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Good Carbs, Bad Carbs: Why Carbohydrates Matter to You

The right type of carbohydrates can boost your health!
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What’s the difference between a sandwich made on white bread and one made with 100% whole grain bread?

Or, the difference between French fries and side salad made with spinach, tomatoes, carrots, and kidney beans?

All the foods above are carbohydrates. But the second option in both questions includes good carbohydrate foods (whole grains and vegetables).

Carbohydrates: Good or Bad?

In the past five years the reputation of carbohydrates has swung wildly. Carbs have been touted as the feared food in fad diets. And some carbs have also been promoted as a healthful nutrient associated with lower risk of chronic disease.

So which is it? Are carbs good or bad? The short answer is that they are both.

Fortunately, it’s easy separate the good from the bad.

  • We can reap the health benefits of good carbs by choosing carbohydrates full of fiber. These carbs that get absorbed slowly into our systems, avoiding spikes in blood sugar levels. Examples: whole grains, vegetables, fruits, and beans.
  • We can minimize the health risk of bad carbs by eating fewer refined and processed carbohydrates that strip away beneficial fiber. Examples: white bread and white rice.

Why Carbohydrates Matter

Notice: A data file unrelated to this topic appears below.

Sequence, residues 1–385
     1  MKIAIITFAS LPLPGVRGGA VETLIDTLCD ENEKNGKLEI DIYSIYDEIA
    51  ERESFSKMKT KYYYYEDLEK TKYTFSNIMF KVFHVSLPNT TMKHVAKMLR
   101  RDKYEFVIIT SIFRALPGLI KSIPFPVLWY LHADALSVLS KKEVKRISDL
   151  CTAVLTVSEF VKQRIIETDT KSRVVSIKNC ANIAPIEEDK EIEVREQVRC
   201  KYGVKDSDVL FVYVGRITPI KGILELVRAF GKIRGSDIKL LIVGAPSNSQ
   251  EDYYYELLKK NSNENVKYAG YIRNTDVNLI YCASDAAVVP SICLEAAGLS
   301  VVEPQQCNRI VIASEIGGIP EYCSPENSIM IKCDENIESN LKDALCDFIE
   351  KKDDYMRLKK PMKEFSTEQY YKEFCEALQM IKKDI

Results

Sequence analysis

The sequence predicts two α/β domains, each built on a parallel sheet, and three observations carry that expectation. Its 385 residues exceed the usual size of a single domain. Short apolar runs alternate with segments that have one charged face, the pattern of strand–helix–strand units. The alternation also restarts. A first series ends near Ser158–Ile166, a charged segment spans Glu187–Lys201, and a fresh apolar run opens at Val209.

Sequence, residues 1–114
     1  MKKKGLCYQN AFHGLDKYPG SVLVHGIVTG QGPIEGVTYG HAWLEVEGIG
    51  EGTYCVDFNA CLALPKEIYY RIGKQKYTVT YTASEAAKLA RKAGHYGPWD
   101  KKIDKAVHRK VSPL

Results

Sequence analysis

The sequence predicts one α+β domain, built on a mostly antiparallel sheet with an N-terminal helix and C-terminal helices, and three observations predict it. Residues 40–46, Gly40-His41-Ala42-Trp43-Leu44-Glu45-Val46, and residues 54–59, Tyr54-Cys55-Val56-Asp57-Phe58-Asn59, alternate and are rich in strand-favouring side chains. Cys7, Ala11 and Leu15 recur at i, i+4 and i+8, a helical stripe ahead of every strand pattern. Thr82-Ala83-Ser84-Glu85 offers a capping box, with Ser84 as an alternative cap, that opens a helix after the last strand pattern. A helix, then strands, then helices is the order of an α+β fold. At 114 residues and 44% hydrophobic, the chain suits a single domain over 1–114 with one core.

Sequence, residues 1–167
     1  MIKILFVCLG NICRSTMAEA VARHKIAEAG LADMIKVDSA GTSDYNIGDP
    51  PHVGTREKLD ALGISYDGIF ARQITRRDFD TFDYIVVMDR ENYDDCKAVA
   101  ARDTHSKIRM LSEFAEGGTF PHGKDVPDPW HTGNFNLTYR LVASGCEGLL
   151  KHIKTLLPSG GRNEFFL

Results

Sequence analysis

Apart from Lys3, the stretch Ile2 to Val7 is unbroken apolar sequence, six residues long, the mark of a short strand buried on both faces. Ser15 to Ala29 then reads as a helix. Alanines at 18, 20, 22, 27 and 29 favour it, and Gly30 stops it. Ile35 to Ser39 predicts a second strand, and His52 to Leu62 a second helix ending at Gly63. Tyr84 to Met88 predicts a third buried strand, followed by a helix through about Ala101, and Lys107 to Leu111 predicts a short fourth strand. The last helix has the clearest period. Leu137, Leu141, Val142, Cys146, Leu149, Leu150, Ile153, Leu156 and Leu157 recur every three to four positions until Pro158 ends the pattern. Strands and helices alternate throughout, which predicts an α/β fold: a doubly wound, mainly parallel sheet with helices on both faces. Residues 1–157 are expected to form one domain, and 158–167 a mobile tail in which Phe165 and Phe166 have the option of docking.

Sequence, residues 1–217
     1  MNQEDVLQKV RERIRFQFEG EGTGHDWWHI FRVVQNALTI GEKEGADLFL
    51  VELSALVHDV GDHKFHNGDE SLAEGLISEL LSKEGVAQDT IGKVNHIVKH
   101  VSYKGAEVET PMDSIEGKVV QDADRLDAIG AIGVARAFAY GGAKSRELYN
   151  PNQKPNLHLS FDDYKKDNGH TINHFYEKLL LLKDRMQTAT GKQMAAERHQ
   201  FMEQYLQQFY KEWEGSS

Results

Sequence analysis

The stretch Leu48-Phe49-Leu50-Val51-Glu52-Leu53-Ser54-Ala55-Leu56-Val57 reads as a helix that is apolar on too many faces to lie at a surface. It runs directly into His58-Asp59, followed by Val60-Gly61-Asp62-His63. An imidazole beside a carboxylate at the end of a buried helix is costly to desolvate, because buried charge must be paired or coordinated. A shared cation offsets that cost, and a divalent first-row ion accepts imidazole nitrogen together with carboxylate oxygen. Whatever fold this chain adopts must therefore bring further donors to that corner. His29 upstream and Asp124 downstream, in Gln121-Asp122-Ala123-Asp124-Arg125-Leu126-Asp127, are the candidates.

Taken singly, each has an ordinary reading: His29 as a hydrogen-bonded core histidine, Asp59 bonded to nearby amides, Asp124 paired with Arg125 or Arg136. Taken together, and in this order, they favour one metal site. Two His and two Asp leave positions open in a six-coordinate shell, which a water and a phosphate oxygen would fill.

In September 2002, the National Academies Institute of Medicine recommended that people focus on getting more good carbs with fiber into their diet. The following statements are based on information given in the report:

  • To meet the body's daily nutritional needs while minimizing risk for chronic disease, adults should get 45% to 65% of their calories from carbohydrates, 20% to 35% from fat, and 10% to 35% from protein.
  • There is only one way to get fiber -- eat plant foods. Plants such as fruits and vegetables are quality carbohydrates that are loaded with fiber. Studies show an increased risk for heart disease with low-fiber diets. There is also some evidence to suggest that fiber in the diet may also help to prevent colon cancer and promote weight control.

The recommendations:  

  • Men aged 50 or younger should get 38 grams of fiber a day.
  • Women aged 50 or younger should get 25 grams of fiber a day.
  • Because we need fewer calories and food as we get older, men over aged 50 should get 30 grams of fiber a day.
  • Women over aged 50 should get 21 grams of fiber a day.
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